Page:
I thought that The Tension of Opposites was a fascinating psychological exploration of what life is like after a traumatic experience is over. The trauma that Noelle experienced reaches much further than Noelle's life: it has affected her family, her friends, her entire town, the whole country. I could see Tessa's frustration with how life is now, and the guilt she feels that her friend was the one who was taken and had to go through what she did. However, at times I felt very frustrated with Tessa's character. I think readers will be drawn into this novel and will wonder what they would do if in the same place as both Tessa and Noelle....more
Alona Dare is seemingly on top of the world: she's the most beautiful, popular girl in school, and she has a hot boyfriend. Then she gets hit by a busAlona Dare is seemingly on top of the world: she's the most beautiful, popular girl in school, and she has a hot boyfriend. Then she gets hit by a bus and finds out what everybody really thinks of her. Her classmates barely wait for her to be cold to talk about how much they hated her, and her best friend and boyfriend don't wait a moment to start hooking up in public. The only person who can see her is the freaky Will Killian. Killian has problems of his own, though, since the principal is out to get him and his mom thinks he has schizophrenia. Alona and Will grudgingly team up to help each other out, and to help Alona move on.
I went into this book expecting to hate it. From page one Alona got on my nerves. But then...she started to grow on me. Her character is slowly revealed to have three dimensions, and a go-get-'em attitude. Killian also turned out to be a surprisingly compelling character. The story wasn't entirely as predictable as I thought it would be, either. I'd say for people to give this one a chance, because there is some actual substance to it, and turned out to be a lot of fun!...more
Sophie Mercer knows that she is a witch--she's known since she's had her powers. However, Sophie isn't so good at keeping her magic under control. WheSophie Mercer knows that she is a witch--she's known since she's had her powers. However, Sophie isn't so good at keeping her magic under control. When a prom love spell goes bad, Sophie's shipped off to Hecate Hall, a boarding/reform school for magical people, including witches, werewolves, fairies, and even a vampire or two. All is not well at Hex Hall, however. Young witches are dying from apparent vampire bites, and all eyes point at Sophie's friend. As the story unravels, she not only learns who is responsible, but what she really is.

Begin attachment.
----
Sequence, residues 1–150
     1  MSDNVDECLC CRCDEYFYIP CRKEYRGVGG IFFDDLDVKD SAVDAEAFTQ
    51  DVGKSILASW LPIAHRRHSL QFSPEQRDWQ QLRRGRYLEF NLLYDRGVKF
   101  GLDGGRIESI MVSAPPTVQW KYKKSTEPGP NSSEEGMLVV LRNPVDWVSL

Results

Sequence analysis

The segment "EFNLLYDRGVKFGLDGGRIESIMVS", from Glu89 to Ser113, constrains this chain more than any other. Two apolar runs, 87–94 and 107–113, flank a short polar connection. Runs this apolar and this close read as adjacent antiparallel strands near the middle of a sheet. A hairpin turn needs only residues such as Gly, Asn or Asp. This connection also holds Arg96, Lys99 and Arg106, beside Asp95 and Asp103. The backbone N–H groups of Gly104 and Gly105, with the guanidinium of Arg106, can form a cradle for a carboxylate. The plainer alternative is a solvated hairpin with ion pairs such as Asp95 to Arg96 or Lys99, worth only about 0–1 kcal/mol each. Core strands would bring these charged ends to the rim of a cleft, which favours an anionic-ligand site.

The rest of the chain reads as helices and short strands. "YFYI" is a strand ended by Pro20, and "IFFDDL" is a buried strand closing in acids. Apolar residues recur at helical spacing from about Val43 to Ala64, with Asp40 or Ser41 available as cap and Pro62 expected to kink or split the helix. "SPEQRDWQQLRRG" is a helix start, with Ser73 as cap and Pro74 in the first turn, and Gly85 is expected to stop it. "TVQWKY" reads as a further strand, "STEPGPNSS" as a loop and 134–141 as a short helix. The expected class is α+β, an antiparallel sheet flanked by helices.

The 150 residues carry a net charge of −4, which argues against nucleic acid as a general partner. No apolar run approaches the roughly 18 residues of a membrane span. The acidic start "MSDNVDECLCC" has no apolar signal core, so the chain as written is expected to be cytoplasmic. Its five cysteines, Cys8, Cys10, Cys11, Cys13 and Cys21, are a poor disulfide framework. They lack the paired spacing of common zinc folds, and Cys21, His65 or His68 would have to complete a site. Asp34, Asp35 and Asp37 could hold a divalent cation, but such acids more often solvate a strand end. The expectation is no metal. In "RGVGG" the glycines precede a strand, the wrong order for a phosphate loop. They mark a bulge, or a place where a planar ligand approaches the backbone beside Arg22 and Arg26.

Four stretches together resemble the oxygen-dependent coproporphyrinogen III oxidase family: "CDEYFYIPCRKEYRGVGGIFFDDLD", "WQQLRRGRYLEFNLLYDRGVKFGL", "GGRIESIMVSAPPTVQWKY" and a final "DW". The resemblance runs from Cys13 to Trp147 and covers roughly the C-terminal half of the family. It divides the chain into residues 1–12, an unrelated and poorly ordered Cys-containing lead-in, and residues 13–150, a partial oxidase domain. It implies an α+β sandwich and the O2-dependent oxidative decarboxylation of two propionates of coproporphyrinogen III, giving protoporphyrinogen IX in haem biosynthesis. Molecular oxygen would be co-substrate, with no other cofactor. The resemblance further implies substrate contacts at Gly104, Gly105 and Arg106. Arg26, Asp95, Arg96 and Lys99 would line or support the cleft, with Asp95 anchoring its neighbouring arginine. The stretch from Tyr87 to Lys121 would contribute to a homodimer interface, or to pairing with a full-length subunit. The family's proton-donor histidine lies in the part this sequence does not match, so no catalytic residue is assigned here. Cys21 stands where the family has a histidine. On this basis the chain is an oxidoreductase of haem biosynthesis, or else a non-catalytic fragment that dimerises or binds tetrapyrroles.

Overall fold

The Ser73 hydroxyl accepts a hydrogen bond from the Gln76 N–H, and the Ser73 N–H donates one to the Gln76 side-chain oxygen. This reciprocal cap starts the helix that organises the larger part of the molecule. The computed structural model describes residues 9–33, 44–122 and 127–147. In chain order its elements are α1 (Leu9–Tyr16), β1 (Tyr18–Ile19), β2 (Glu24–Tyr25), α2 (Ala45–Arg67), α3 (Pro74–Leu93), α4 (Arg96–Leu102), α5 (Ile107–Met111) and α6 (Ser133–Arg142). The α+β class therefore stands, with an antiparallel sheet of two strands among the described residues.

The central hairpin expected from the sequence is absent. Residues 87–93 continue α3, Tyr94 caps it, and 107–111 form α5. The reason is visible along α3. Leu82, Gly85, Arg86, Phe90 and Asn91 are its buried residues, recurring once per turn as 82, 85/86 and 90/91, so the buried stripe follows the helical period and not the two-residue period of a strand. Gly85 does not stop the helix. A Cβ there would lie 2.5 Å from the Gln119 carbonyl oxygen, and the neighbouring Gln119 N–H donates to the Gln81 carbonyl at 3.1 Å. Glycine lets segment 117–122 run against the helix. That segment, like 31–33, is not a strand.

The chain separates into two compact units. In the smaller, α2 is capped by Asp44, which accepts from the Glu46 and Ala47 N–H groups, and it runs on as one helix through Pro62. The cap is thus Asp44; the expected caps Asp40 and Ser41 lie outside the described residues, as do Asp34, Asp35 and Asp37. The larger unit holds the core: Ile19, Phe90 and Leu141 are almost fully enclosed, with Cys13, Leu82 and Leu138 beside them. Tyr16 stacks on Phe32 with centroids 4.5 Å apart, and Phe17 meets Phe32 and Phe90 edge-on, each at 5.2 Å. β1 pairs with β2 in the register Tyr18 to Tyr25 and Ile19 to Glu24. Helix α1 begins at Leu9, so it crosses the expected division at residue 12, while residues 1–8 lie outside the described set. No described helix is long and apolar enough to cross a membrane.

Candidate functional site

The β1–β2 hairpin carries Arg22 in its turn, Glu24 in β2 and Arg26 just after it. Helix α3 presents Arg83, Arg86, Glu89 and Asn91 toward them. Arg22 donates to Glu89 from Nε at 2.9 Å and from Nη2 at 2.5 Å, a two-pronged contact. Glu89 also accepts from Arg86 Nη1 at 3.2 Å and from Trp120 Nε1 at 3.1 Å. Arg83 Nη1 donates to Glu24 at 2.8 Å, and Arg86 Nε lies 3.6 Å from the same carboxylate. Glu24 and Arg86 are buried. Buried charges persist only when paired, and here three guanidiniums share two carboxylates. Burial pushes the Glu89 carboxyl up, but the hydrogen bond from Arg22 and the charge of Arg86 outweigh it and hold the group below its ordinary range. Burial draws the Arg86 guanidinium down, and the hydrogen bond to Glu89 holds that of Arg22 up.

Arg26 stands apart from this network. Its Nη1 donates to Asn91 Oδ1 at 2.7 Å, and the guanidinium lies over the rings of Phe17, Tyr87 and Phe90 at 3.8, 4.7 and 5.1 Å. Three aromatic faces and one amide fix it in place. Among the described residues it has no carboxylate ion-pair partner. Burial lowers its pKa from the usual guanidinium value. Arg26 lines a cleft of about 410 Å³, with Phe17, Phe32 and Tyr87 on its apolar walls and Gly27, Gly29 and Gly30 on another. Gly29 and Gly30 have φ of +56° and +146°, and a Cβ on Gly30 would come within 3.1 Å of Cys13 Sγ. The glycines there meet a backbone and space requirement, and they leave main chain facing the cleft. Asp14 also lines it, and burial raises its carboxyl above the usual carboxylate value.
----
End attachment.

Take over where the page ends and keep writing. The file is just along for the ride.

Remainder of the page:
Hex Hall is a fun story full of supernatural high school shenanigans. Sadly, I didn't feel that this was original enough to impress me, but it was an enjoyable read and will appeal to people who can't get enough of supes in school. Sophie is fine as a character, but some of the other characters weren't fleshed out enough. I especially didn't buy the relationship between Sophie and queen bee Elodie later in the story. The book does take a nice twist toward the end, but overall I felt I had read it all before....more
Rachel lives with her mother at the edge of The Line, where the nation ends and the forbidden area beyond begins. As Rachel's curiosity about the worlRachel lives with her mother at the edge of The Line, where the nation ends and the forbidden area beyond begins. As Rachel's curiosity about the world beyond grows, she begins to suspect there are large secrets her mother and her mother's employer, Ms. Moore, are withholding from her. After finding evidence of the people beyond, Rachel needs to find out more information, and a way to escape The Line.
I found this to be a very interesting dystopian novel, with a mostly believable future for the US. I do wish that there would have been more discovery of the events that led up to this point, rather than having the main character list the history off as lessons. The beginning was a little slow, as well, but once the story got moving it became more engaging. I look forward to reading the next one, because I think it will explain more of the politics of the world in which the book takes place....more